Anatoly Petrovich Gerasimenko is Doctor of Philosophy, Professor, Professor of the Chair of Theory and History of State and Law at Amur State University.
Existential philosophy is mainly predetermined by personal experience of its author, which is understood qua experience of any other human being that must be considered. In XX-th century Russian existential philosophy of law is connected with the names of L. Shestov and N. Berdyaev, F. Stepun and S. Frank. This philosophy is rooted in Russian philosophical essays and fiction of the XIX-th century, especially A. Herzen, F. Dostojevsky, Vl. Soloviev. In existential philosophy the law is understood not as a claim, but as a prohibition. Human rights appear as prohibitions that are imposed on each of us. The detailed enumeration of human rights viewed as guaranteed claims, the division of rights for the first, second and third generation, lead to the inevitable paralysis of each preceding generation by the generation that is yet to follow. Russian existential philosophy of law is influenced by the prose and poetry of M. Lermontov, N. Hohol, F. Tyutchev, that are overwhelmed by themes of catastrophic nature of existence, human abandonment, disappointment in life and futility to find solitude. In 30-80-s of XX-th century in Russia existential philosophy couldn't develop in a proper way, because it was considered irrelevant under the communist regime. On the threshold of the XXI-th century existentialism is in the limelight again; there appears to be a growing interest towards the works of Russian writers and literature of the XIX-th century perceived via existential lenses.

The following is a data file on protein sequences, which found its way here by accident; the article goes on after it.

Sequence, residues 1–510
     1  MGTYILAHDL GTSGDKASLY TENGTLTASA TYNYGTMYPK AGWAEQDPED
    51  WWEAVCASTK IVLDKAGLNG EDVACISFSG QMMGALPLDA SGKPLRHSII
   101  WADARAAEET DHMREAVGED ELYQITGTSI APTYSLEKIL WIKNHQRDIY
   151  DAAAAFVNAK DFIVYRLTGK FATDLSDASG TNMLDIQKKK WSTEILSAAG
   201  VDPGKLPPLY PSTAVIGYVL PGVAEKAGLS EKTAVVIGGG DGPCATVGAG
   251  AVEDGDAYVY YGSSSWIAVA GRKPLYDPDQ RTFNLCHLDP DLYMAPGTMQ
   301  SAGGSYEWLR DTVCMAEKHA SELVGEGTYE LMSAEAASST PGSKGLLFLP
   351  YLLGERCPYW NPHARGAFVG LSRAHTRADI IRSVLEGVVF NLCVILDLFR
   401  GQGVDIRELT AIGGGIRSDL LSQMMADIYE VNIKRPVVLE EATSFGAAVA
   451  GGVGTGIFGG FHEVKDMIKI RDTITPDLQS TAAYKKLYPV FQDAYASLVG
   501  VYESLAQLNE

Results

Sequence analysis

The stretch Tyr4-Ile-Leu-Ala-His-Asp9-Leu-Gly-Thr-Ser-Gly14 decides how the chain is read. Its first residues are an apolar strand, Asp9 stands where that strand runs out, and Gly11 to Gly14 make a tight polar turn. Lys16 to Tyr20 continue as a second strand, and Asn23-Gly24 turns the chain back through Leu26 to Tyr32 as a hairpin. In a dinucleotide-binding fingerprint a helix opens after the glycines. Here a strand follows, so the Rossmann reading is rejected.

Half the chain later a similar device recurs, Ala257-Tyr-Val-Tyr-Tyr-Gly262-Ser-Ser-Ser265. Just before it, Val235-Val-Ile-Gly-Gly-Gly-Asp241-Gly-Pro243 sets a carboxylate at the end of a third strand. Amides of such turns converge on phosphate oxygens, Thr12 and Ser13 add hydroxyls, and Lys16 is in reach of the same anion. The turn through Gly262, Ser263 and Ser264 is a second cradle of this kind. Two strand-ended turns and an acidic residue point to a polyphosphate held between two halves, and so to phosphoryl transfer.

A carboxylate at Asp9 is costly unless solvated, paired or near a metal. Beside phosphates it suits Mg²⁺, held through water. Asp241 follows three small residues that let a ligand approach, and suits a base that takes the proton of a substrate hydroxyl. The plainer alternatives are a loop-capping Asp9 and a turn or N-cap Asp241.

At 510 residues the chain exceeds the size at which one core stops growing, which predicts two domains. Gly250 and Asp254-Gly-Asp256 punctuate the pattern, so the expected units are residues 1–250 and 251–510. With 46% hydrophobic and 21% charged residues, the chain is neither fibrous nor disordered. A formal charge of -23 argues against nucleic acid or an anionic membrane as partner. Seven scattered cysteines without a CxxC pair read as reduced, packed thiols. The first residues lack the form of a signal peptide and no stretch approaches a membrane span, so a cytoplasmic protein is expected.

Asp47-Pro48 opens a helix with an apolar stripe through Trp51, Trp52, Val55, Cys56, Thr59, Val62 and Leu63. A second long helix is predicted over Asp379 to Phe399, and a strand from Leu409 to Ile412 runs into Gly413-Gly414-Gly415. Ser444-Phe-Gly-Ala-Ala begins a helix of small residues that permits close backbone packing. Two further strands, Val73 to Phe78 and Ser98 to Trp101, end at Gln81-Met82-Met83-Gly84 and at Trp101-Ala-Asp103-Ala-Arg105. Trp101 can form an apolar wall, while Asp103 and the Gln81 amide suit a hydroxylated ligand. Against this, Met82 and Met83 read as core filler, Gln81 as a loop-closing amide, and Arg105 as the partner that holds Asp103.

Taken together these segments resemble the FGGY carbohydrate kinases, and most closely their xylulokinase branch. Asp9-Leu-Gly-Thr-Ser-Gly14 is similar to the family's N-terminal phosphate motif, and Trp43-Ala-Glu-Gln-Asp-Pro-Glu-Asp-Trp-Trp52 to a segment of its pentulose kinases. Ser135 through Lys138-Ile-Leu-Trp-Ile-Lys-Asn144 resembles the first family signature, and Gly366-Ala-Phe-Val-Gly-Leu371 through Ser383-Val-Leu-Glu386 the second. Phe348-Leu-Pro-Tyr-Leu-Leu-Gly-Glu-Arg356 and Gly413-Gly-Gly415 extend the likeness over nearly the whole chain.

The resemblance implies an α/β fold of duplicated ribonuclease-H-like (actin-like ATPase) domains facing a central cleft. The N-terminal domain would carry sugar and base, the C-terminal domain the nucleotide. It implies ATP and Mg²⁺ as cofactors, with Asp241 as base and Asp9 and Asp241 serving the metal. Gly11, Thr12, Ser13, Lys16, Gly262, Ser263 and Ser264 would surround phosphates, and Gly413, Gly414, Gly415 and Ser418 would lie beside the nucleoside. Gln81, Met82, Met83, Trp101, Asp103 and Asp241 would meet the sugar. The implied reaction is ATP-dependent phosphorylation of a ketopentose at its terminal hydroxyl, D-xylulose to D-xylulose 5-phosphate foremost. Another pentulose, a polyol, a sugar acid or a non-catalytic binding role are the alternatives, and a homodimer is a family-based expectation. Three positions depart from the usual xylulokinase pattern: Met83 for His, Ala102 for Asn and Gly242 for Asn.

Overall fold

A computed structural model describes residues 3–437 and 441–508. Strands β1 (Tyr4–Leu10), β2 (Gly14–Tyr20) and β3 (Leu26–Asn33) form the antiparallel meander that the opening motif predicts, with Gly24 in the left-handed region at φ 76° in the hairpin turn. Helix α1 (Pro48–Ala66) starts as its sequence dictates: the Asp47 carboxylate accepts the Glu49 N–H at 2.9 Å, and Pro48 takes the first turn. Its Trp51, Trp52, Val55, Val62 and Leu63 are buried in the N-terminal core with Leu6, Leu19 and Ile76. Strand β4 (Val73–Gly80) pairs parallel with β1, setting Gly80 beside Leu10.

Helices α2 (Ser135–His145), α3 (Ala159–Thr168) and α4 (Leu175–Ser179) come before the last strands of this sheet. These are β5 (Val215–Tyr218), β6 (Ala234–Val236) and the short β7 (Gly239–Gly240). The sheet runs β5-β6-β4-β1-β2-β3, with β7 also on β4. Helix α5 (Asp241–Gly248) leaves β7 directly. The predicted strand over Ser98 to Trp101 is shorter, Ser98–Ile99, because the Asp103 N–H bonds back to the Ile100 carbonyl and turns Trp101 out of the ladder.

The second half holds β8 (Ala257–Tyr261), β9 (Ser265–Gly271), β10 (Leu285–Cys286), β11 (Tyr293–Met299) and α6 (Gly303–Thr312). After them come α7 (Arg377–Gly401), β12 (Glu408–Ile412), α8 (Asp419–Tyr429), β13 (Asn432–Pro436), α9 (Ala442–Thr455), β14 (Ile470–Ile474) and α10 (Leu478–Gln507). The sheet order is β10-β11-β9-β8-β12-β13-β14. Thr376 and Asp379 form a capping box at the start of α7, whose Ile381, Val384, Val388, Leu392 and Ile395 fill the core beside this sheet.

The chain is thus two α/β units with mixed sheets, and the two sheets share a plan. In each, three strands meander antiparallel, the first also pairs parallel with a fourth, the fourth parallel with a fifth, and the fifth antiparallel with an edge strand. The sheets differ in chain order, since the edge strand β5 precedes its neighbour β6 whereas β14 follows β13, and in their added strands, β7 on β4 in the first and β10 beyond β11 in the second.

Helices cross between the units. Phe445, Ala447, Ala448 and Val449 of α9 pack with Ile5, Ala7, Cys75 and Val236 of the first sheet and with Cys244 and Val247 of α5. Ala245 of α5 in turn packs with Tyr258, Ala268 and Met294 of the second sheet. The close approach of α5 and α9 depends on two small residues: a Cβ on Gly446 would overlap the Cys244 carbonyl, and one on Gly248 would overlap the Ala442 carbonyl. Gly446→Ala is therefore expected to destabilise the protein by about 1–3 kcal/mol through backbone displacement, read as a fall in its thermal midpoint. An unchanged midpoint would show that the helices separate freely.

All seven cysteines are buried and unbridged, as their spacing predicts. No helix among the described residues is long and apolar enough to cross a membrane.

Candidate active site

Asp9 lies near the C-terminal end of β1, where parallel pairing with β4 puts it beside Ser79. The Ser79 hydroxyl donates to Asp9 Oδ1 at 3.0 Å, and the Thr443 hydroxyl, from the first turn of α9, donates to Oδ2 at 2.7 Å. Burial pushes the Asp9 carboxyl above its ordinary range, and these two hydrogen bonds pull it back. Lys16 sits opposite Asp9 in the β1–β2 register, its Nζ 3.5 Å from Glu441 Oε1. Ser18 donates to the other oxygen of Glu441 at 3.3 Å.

Key words: existential philosophy of law, Berdyaev, Herzen, Russian philosophy, Russian literature, human rights, claim, prohibition.
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